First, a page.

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It’s just a bill

Wednesday, Feb 28, 2018

* Press release…

Legislation that would help small business owners who supply durable medical equipment to Medicaid patients passed the Senate Human Services Committee last week. Durable medical equipment includes equipment such as portable oxygen, feeding tubes and ventilators.

State Senator Dave Koehler (D-Peoria) is the sponsor of SB 2262, which would require that the suppliers of the equipment are reimbursed the same amount as the Medicaid Fee for Service fee schedule.

“While some believe the state should have no role in assisting businesses, it’s different when we are talking about life saving equipment for young children,” Koehler said. “I don’t think we should allow this dog-eat-dog environment to put the safety and well-being of Medicaid patients and their families at risk. “

Senator Koehler said that comments made during the committee hearing were misleading and showed a lack of understanding of how the Medicaid system works, pointing out that any “savings” generated from rate cuts will not translate to savings for taxpayers.

“Cutting the rate at which small business owners are reimbursed serves only to send more tax dollars to for-profit medical corporations,” Koehler said. “Last I checked, the purpose of Medicaid is to provide quality health care services, not make money.”

This comes after a report from the Auditor General that found that the Rauner Administration has done little if anything at all to collect information needed to determine if the state’s largest contract in history is actually saving any money. The latest estimate places the cost of the contract at $63 billion over five years, nearly $23 billion higher than the Rauner Administration originally estimated.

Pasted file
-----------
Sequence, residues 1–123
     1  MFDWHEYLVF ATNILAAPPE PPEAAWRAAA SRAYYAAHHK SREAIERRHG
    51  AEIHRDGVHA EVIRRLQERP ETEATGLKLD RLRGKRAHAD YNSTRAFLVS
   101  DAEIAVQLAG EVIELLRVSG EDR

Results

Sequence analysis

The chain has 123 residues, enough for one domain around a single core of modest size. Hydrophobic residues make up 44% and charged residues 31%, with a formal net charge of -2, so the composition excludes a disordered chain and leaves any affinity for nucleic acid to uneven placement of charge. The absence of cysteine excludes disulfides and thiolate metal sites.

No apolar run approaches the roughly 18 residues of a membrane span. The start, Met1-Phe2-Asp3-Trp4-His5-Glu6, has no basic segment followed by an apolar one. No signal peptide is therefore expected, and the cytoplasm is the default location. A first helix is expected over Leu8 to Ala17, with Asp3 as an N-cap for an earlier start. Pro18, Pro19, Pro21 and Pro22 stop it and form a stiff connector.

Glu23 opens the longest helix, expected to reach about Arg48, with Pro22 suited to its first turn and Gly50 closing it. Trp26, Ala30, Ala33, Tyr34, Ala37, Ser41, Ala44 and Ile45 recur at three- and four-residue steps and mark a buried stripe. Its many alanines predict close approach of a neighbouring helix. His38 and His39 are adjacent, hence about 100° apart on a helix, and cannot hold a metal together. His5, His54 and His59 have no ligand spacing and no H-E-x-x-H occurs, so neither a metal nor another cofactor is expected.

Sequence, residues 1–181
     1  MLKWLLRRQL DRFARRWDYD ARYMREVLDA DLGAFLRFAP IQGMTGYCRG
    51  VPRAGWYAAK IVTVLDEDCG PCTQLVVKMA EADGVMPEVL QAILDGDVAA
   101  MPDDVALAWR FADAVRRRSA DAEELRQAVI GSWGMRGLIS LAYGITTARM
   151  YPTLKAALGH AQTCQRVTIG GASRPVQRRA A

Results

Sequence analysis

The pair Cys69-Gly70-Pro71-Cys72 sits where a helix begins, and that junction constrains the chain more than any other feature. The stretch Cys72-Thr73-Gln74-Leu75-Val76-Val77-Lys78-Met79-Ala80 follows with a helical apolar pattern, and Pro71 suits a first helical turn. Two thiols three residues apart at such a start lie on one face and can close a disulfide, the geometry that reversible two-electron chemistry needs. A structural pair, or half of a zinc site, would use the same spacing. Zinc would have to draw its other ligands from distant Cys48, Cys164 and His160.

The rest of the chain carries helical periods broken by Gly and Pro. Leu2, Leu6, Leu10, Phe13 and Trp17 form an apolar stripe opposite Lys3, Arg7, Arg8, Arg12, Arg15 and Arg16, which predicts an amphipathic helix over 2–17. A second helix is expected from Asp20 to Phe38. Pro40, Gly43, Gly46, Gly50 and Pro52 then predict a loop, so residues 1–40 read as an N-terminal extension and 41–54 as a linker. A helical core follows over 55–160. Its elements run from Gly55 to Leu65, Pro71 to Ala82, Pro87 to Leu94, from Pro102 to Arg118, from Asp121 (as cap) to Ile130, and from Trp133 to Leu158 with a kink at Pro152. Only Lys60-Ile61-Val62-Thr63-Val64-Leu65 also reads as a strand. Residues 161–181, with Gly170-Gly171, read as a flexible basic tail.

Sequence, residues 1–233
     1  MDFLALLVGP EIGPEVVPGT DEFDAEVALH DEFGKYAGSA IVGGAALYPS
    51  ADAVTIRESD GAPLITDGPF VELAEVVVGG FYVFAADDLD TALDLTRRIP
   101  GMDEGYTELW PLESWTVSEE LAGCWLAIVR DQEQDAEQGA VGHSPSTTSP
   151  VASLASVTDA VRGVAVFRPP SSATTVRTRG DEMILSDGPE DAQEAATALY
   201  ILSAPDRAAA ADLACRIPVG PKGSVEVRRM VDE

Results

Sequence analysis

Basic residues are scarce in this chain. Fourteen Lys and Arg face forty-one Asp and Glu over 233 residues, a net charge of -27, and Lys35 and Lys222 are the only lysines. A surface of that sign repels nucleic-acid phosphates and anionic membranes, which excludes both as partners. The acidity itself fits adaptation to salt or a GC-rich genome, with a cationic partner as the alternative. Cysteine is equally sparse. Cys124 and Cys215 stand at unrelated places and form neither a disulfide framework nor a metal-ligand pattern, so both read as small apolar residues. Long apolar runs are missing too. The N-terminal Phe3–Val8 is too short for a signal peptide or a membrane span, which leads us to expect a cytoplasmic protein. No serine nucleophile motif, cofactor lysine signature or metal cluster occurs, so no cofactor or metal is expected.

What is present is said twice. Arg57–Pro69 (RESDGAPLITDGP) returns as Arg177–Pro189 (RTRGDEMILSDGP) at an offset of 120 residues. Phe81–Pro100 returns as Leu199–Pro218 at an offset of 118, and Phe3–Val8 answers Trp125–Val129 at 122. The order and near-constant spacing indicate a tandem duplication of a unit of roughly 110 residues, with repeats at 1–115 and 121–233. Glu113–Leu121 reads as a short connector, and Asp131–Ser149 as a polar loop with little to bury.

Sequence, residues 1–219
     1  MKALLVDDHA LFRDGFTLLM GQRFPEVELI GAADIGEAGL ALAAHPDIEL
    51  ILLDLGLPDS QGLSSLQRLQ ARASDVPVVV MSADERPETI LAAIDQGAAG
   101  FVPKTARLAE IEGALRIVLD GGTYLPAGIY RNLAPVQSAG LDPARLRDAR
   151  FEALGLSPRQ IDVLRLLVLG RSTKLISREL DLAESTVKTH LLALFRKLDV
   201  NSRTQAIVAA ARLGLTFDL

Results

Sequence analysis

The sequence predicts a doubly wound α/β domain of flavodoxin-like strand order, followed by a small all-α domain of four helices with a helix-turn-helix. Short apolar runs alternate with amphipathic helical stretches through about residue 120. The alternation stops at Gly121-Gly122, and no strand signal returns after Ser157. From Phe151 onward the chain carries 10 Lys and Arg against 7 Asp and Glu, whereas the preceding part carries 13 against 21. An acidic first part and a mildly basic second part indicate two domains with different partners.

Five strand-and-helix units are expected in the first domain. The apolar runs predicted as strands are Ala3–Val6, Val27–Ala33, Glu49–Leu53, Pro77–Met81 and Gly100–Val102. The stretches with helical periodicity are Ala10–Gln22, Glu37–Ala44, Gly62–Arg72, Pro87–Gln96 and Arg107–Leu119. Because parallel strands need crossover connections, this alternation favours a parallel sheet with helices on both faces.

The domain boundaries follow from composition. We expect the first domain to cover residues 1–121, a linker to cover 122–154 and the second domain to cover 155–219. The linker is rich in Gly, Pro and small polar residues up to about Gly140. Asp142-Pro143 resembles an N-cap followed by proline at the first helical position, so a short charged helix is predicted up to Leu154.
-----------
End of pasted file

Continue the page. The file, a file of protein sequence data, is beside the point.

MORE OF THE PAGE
* Press release…

In a unanimous vote on Wednesday morning, the House of Representatives’ Elementary & Secondary Education- Licensing, Administration & Oversight committee recommended approval of legislation sponsored by State Representative Peter Breen (R-Lombard) which would bring public school district administrative costs in line with national averages. The bill would also limit future administrative spending increases to the consumer price index or 5%, whichever is lower.

“It’s long past time to get control of our school district administrative spending,” said Breen. “Illinois schools are spending about 2 ½ times the national average on these costs. When our school districts bring these expenditures in line with national norms, we can either redirect that money toward classroom instruction where kids would directly benefit or use that money to reduce property taxes.”

According to Breen, the General Assembly last took up the Limitation of Administrative Costs section of Illinois law in 1997, and two decades later, the metrics in that section used have become outdated and insufficient. “Whether school districts use shared service agreements, intergovernmental agreements, or the consolidation tools available to them, there are a variety of ways to get administrative costs back to the national average,” Breen said. “The Better Government Association suggested last year that $400 million could be saved if Illinois schools limited administrative spending to national averages, as outlined in this bill.”